Therefore, it is unknown whether the addition of a “tail” concurrent with treatment cessation of ZDV/sdNVP would make the prevalence of resistance in the 2 regimens studied here more similar. Our data suggest that even without a “tail” added during HAART cessation, the presence of 3TC alone may substantially reduce NVP resistance. This may be important in cases when a tail is not applied, such as unexpected treatment cessation.
Previous studies suggest that the emergence of resistance to NVP after treatment to prevent MTCT may have consequences for women who later require long-term HAART.12,13
Therefore, it is important to determine whether resistance persists over time. Although data from studies of resistance using standard genotyping assays suggest that resistance to NVP wanes over time,26,34
studies that utilize more sensitive assays suggest that resistance can persist at low levels for more than 1 year postpartum.27,28,35
Our data confirm this suggesting that in women with detectable levels of resistance at 3 months postpartum, resistance can persist at 6 and 12 months posttreatment ( and ). Of note, variants with Y181C mutations, which are more common in this cohort than K103N mutations, persisted above detection at 12 months posttreatment in over 80% of the women, with little evidence that they declined during this period. Thus, Y181C may be of particular concern in terms of its effect on future treatment options.
The data presented here provides strong evidence that short-course HAART results in lower rates of antiretroviral resistance compared with the standard ZDV/sdNVP regimen. However, the relative effects of these regimens on transmission rates remain less clear. Preliminary data from ongoing studies in Kenya and Tanzania suggest that 6 months of HAART during breastfeeding reduces transmission rates from the expected 25%–48% without treatment to 5% by 6 months postpartum.3,5,6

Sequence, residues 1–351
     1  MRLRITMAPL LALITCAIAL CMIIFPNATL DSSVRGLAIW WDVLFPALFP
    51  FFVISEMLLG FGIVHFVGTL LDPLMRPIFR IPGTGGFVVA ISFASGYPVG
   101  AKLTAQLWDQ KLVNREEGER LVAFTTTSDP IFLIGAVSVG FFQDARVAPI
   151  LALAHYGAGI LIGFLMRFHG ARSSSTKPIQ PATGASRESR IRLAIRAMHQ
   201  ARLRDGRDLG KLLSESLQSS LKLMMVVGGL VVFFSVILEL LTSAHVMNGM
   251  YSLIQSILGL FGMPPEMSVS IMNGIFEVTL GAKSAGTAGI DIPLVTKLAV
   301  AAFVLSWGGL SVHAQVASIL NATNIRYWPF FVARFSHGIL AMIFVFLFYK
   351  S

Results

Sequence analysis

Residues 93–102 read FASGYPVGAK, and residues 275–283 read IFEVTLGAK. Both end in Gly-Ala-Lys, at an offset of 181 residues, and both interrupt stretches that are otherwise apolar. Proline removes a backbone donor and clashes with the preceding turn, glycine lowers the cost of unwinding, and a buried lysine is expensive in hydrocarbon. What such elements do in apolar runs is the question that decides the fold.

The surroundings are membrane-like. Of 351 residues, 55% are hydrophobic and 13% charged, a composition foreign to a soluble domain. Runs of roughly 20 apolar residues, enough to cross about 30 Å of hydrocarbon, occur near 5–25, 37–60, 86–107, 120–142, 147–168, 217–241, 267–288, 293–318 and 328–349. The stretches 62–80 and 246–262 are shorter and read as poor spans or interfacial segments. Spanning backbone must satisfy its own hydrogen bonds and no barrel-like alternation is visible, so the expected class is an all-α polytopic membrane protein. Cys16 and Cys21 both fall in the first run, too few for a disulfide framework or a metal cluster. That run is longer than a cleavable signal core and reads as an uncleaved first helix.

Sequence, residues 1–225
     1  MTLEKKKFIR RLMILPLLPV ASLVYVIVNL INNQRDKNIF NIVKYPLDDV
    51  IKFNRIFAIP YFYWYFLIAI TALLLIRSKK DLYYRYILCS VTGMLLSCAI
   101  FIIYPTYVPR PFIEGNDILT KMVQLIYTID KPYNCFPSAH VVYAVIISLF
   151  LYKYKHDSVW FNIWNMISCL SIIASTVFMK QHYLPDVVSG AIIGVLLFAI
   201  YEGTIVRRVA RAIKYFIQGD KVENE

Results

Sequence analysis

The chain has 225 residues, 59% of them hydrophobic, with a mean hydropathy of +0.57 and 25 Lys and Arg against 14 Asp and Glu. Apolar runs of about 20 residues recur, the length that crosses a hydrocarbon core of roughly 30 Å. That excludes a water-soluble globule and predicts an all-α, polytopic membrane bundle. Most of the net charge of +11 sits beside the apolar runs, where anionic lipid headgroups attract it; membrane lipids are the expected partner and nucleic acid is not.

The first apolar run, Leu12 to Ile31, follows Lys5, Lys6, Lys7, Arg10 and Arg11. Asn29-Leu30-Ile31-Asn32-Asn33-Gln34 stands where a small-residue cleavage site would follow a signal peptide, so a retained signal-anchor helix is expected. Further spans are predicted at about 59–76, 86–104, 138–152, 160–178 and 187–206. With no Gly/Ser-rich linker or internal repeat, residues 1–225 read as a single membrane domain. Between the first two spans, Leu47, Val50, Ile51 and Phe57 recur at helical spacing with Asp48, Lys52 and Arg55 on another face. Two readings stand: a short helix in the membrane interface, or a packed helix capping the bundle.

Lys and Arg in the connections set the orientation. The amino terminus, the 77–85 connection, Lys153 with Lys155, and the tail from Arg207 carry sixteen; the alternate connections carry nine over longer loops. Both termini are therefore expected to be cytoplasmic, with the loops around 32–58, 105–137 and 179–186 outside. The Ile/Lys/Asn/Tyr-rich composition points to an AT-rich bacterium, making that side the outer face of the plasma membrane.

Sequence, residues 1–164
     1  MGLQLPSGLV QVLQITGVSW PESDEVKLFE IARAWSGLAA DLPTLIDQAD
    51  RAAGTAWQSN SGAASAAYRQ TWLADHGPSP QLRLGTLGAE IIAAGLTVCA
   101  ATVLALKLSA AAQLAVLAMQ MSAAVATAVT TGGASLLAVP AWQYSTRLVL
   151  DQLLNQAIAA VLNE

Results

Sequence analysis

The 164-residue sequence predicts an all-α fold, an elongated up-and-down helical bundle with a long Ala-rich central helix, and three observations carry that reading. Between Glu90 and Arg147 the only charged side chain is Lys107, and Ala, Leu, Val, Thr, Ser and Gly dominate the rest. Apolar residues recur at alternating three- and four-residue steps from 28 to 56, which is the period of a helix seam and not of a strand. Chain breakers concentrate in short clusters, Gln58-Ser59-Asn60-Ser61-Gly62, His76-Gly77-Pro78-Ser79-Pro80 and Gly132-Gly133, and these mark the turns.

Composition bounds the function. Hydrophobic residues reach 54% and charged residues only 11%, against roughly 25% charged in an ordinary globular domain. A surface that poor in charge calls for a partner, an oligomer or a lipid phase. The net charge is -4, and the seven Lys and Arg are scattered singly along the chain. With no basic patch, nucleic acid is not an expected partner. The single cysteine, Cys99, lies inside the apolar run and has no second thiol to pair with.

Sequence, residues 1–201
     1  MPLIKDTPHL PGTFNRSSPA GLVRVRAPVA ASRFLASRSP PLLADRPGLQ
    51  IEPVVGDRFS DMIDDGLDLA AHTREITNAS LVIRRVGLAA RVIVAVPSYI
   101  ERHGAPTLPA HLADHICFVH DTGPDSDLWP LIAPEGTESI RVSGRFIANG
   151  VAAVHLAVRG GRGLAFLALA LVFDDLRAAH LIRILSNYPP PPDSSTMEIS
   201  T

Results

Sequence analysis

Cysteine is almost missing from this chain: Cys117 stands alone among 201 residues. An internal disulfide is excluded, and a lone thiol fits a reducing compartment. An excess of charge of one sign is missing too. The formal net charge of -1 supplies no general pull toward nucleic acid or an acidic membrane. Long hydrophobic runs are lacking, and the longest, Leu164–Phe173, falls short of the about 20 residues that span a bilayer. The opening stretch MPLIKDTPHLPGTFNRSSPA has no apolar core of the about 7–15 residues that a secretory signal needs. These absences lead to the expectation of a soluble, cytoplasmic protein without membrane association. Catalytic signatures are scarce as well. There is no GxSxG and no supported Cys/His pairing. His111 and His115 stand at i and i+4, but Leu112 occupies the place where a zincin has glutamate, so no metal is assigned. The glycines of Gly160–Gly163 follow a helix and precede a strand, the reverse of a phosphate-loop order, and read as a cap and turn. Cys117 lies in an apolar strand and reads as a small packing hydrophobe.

A short course of ZDV/3TC plus sdNVP have a documented transmission rate of 6.6% at 6 months postpartum.36
Given the imprecision of comparing data from distinct cohorts, 2 randomized clinical trials are currently underway to more accurately determine whether taking HAART during breastfeeding reduces transmission compared with standard short-course regimens.3,7
When considering antiretroviral strategies to reduce breastfeeding transmission, data on transmission rates must be balanced with factors such as resistance, safety, feasibility, and adherence. These issues, and the optimal approaches to PMTCT, are complex and are discussed in more detail elsewhere.1,3,19
A previous study of our cohort showed that 5 of 26 women (19%) randomized to HAART prematurely discontinued treatment either due to adverse events or inconvenience,19
suggesting adherence can be low with HAART. The current study was limited to 17 women on HAART, and we acknowledge that this analysis could be biased toward a group of women with good adherence. The reduced risk of resistance with HAART (even without an added tail) suggests that the use of HAART, although breastfeeding may have fewer implications for later treatment options compared with the combination ZDV/sdNVP regimen, as NNRTI resistance after treatment prophylaxis has been implicated to reduce the effectiveness of later treatment with NNRTI-based HAART.12,13
Therefore, the data presented here should be considered as a benefit of HAART when balancing the safety, efficacy, and feasibility of different strategies currently being tested to reduce breastfeeding transmission. These data are encouraging for settings in which adding a tail of 3TC and ZDV during HAART cessation is not feasible. However, the fact that the use of HAART did not completely eliminate resistance to NVP emphasizes that, when possible, the addition of ZDV and 3TC during treatment cessation may be beneficial.